You decided to start playing drums. The problem you face first is that you need your own drum set for training and playing gigs when you are ready. On simplydrum.com, you can find reviews of student drum sets as well as of entry-level professional sets. All of them are affordable and suitable for studying. But will they let you master the right skills? Will you have to upgrade for playing gigs or making records?
The Drums to Start With
It does not make sense to obtain an expanded drum set from the very beginning. Even if you think you are ready to go pro, your arms and legs need some time to adjust. So here is the list of the necessary drums in an entry level drum set:
- Bass drum. The bass is the boss.
- Snare drum. It is also a must, as you can hear from most popular styles today.
- You can go with just one tom for the beginning, though advanced drummers may use up to four toms.
- Crash cymbals.
- Hi-hat. Without it, a drum set is incomplete.
You will also need the hardware for your setup, as well as a stool and the sticks. While the hardware is usually included when you purchase an entire set, the stool isn’t always there. As for the sticks, let your hand do the choosing when you define several options. And get yourself an extra pair in advance!
An advanced custom drum set can have more items. But we recommend starting with a basic one that is suitable for almost any genre and style played nowadays. As you shape your technique and make up your mind about the style, you can decide what to add to your setup.
How Much Should the Drum Set Cost?
How much are you ready to invest? It depends on both your resolution and your talent, as well as on your conditions. As you can see, there are many options under $500. For this price, you get a decent new drum set.
You can also search for used drum sets, as in the quarantine times, many bands decided to cancel their activity. But, luck aside, the sum to look at is $500. If you find a decent set cheaper – well, lucky you.
Practicing and Gigging
Though there are many student drum sets (as well as separate drums and accessories), an adult beginner will feel better at an adult size drum set, even an entry level one. There are reasons to skip the student drums as a phase:
- If you start playing seriously, you can use the same drums;
- An adult-size set can be upgraded gradually, drum by drum, with no need to change your manner or habits;
- You can learn techniques from drum masters with minimum adjustment;
- You take yourself seriously from the beginning/
Still, there are accessories made strictly for learning that will help you early on your way. For example, silencing pads are great if you want to practice at unconventional time. An adult drum set with these accessories will make a great starter kit.
Choosing the Right Metal Drumsticks
Drumming is somehow similar to painting. A good drummer is an artist who owns and knows how to use various types of ‘brushes’. The type of drumsticks you use really matters to the genre you are in, as all of them produce different sound effects. Below is a concise, actionable guide by metalheads to picking the right drumsticks if your musical calling is to play metal. Drum on!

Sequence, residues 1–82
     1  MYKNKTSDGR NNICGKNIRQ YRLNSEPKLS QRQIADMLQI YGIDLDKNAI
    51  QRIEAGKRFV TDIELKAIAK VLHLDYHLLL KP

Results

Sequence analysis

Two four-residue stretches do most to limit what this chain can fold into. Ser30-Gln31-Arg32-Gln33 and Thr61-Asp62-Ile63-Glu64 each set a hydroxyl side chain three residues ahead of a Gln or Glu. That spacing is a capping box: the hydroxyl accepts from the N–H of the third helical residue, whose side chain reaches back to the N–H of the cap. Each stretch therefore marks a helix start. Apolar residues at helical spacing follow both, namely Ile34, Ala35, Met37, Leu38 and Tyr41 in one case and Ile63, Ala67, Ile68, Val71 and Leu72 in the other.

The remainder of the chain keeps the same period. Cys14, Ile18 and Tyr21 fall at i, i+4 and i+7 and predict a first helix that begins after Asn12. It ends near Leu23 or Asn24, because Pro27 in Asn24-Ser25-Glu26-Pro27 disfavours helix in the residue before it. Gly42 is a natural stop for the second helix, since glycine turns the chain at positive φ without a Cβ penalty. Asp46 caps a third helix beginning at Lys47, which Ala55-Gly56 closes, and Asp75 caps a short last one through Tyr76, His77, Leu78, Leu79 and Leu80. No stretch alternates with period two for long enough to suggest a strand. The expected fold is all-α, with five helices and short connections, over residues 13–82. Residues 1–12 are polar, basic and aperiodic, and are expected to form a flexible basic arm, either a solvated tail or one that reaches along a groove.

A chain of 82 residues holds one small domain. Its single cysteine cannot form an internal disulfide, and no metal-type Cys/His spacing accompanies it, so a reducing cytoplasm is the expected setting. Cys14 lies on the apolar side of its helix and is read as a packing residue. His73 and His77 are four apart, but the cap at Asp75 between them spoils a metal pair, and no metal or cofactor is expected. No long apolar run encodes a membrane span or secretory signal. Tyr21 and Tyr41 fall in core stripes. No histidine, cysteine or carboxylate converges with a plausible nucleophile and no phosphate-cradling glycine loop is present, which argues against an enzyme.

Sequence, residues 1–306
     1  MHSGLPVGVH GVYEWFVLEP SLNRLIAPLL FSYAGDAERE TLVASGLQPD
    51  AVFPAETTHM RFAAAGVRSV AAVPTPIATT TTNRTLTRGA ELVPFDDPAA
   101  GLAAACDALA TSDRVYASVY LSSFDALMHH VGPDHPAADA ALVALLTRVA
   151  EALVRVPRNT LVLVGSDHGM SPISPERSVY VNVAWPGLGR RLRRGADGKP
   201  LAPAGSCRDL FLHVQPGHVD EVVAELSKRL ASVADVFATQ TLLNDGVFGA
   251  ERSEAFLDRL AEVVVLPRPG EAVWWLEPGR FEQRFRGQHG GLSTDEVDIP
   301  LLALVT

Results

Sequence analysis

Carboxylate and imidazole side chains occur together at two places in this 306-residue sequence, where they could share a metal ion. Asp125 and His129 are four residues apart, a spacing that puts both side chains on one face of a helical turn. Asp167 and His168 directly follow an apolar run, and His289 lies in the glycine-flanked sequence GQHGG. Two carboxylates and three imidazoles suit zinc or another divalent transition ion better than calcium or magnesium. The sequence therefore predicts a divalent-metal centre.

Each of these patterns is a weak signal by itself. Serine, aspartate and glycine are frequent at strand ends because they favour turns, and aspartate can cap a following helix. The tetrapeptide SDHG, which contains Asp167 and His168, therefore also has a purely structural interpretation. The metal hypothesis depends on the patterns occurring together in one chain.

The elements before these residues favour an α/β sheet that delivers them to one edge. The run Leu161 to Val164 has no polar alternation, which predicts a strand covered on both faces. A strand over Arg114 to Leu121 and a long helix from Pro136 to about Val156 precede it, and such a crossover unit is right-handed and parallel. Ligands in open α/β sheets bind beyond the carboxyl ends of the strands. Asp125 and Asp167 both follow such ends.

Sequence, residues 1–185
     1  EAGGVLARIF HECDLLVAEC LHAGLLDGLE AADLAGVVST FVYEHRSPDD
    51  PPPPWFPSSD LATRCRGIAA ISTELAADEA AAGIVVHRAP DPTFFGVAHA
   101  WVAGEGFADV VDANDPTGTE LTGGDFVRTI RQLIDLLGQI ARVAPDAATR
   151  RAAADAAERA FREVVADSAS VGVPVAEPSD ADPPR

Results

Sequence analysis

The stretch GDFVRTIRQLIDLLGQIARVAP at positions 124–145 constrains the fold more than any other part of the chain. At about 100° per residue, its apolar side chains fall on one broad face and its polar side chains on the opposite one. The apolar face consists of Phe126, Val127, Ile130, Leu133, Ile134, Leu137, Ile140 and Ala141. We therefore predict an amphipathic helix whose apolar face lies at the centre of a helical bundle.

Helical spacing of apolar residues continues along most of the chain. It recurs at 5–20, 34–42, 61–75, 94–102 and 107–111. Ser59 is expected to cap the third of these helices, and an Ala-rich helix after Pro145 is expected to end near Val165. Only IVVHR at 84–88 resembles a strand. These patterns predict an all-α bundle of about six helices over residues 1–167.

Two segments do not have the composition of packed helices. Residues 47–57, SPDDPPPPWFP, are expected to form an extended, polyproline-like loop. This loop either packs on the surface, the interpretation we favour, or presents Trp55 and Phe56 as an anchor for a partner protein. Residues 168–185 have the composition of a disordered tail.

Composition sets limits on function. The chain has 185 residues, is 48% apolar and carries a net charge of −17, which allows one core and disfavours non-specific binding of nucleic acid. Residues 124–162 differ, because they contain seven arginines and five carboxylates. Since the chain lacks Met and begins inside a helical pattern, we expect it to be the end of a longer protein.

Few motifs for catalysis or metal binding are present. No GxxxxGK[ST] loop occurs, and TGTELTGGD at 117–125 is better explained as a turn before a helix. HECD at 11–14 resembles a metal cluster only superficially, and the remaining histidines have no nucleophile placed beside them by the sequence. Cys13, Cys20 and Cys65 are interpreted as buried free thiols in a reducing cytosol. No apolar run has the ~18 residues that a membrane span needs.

Most drumsticks you see are wooden. However, not all types of wood have the same durability height and response. Two classic choices are oak and hickory. These hardwoods are dense and highly durable, which is important for such a force-demanding genre as metal. Oak is hard to break but is also known for low shock absorption. Hickory is much better at this and feels more responsive, which makes it a better choice both for beginners and pros. Still, they’re lighter than oak, so you may lack the heaviness of the hit in some cases.
Many metal players also choose such materials as graphite and aluminum. These materials provide more rebound and withstand higher force. They usually cost more, but the lifespan is longer as well. Depending on the weight and tip design, alternative materials may grant you extra attack tone, which is quite important for speedy sub-genres.
Weight, Diameter & Length
For playing heavy metal blasts, you should be looking for heavier sticks. The most common types are thick and heavy 2B, 5B, and 5A. Actually, there are more models numbered from 1-9 and from A to CC, but the most popular heavy sticks are these three.
The length of the sticks you need mostly depends on your palm size. It generally varies from 15’’ to 17.5’’, and you have to test them to get the optimal length. Of course, longer models produce groovier sound, but the rebound is also longer. The diameter works the same. Thick sticks need more velocity than thin ones to sound loud, but the peak loudness is higher, which can be crucial for your metal style.
Without going too deep, barrel tip style offers the loudest performance. However, it’s not recommended for beginners who don’t have a steady stroke yet. If you are one of them, start with a round tip to achieve a smoother sound. Try a barrel tip when you feel the need for progress. You can also try plastic-coated tips for a sharper and harder tone.
Taper length defines the length of the stretch between the full-diameter sector and the point where the stick goes thinner near the tip. Longer taper means faster response, and shorter means extra strength, thus more stiffness. Metal drummers usually prefer short taper, but you can also start with a more versatile medium taper while going through the basics.
If you find it useful for yourself, you can share it not to forget it. It will be even more useful if some friend of yours has been dreaming of a drummer career. If you have something to add, you can just leave a comment and share your thoughts there.